"We're having a reception tomorrow at our house. Wedding cake. The whole deal. He's a good man. I am happy for her."

Bonnie and Gene realized the date, then learned of the rare full honey moon.

"They will have a very, very unique wedding day," she said, glancing at grandson Carter, sitting on a bench talking to a little girl in a long white dress.

"She has him snagged for the next rare full moon."

'I know I hit the jackpot'

The little girl in the long white dress is Mystika Winters, 6.

"We were in line behind them at the courthouse," said her grandmother, Audra Kalbfleisch, of Fairview Heights, referring to Carter and his family.

Audra, 42, dressed in a turquoise tea-length gown, was about to marry Don Smalley, 49, of Reno, Nev.

They chose the date because of her daughter, Chelsea, 22.

"She's into Halloween and stuff like that," said Audra. "She couldn't be here."

Chelsea lives in Reno where she manages a Philly Cheese Steak restaurant.

"It was my way to bring her into it without her being here. Chelsea said 'Oh, cool' when I told her."

Audra and Don met in Reno through a friend.

"I know I hit the jackpot," said Audra.

"It took us a long time to become a couple. We've known each other for years and years. Finally, it was the right time."

"My family is there," said Don. "Two sons (David, 28, and Donald, 22) and my father and two grandsons. ... My boys were old enough where they are on their own."

Don manages Big Wave Car Wash in Fairview Heights. Audra, a cosmetologist, wanted granddaughter Mystika, who lives with them, to have the chance to dress up.

"Because it's a wedding and she's a flower girl and little girls like wedding dresses," Audra said.

Mystika's dress was of the something-borrowed variety.

"I think it's awesome," said the first-grader at William Holliday in Fairview Heights.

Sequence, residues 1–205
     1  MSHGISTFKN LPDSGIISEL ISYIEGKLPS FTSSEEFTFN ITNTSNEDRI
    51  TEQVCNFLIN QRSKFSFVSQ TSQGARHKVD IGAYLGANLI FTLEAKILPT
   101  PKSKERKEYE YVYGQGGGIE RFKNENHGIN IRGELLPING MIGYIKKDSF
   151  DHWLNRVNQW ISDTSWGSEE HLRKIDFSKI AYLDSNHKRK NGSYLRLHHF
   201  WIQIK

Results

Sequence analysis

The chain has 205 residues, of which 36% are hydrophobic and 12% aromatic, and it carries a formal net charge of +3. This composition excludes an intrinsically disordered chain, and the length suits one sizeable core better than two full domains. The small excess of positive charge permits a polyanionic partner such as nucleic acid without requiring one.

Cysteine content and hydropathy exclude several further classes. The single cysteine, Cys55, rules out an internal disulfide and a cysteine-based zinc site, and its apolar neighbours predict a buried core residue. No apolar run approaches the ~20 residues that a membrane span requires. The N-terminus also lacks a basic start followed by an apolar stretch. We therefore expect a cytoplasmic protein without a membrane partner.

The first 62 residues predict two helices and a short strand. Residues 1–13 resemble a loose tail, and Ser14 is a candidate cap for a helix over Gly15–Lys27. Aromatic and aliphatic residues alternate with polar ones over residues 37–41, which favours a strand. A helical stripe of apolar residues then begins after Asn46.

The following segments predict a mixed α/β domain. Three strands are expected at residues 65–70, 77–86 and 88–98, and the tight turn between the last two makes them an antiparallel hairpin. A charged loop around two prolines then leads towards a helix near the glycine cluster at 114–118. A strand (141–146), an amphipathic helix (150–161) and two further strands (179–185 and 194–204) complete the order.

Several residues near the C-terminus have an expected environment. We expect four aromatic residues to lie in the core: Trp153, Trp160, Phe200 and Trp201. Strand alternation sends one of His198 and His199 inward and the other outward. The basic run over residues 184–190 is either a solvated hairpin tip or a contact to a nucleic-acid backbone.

Something else that was awesome? Judge Richard Aguirre allowed Mystika to be part of the wedding, exchanging rings, along with Audra and Don.

The family, which included Audra's mom, Sue Kalbfleisch, of Fairview Heights, planned a small celebration.

"We'll go out to eat and have some cake at home and that's about it," said Audra.

"I have to work in the morning," said Don.

'We grew up together'

Veronica Henry and Brian Helfer, both 27, posed for photos outside the courthouse.

The sky was brilliant blue. The Henry-Helfer party was in yellow or white.

"I told them I wanted them to to wear yellow and white," said Veronica, of Collinsville. "If I would have had a big wedding. I would have had yellow."

She wore a sweet knee-length lace dress with three-quarter sleeves, and carried a bouquet of yellow daisies and white flowers.

"He's my childhood friend," said Veronica, alongside Brian, in a yellow-striped shirt and white slacks. "We grew up together in the same Parkside neighborhood in Centreville."

She's a nursing student at SWIC. He's a locomotive mechanic.

"My dad worked there," said Brian. "He got me in the door when I got out of high school."

Their blended family includes four children, Alexis Johnson,12, Troy Johnson, 8, Amere Helfer, 6, and La'More Doss, 5.

"The kids couldn't wait," he said. "They're perfectly fine. They fit right in with each other."

The Helfers planned to go to the Jewel Box in Forest Park for more photos. A honeymoon to Las Vegas and Los Angeles followed.

They chose June 13 because her mom got married on a Friday the 13th.

"I am not real superstitious," Veronica said. "It wasn't a big deal to me."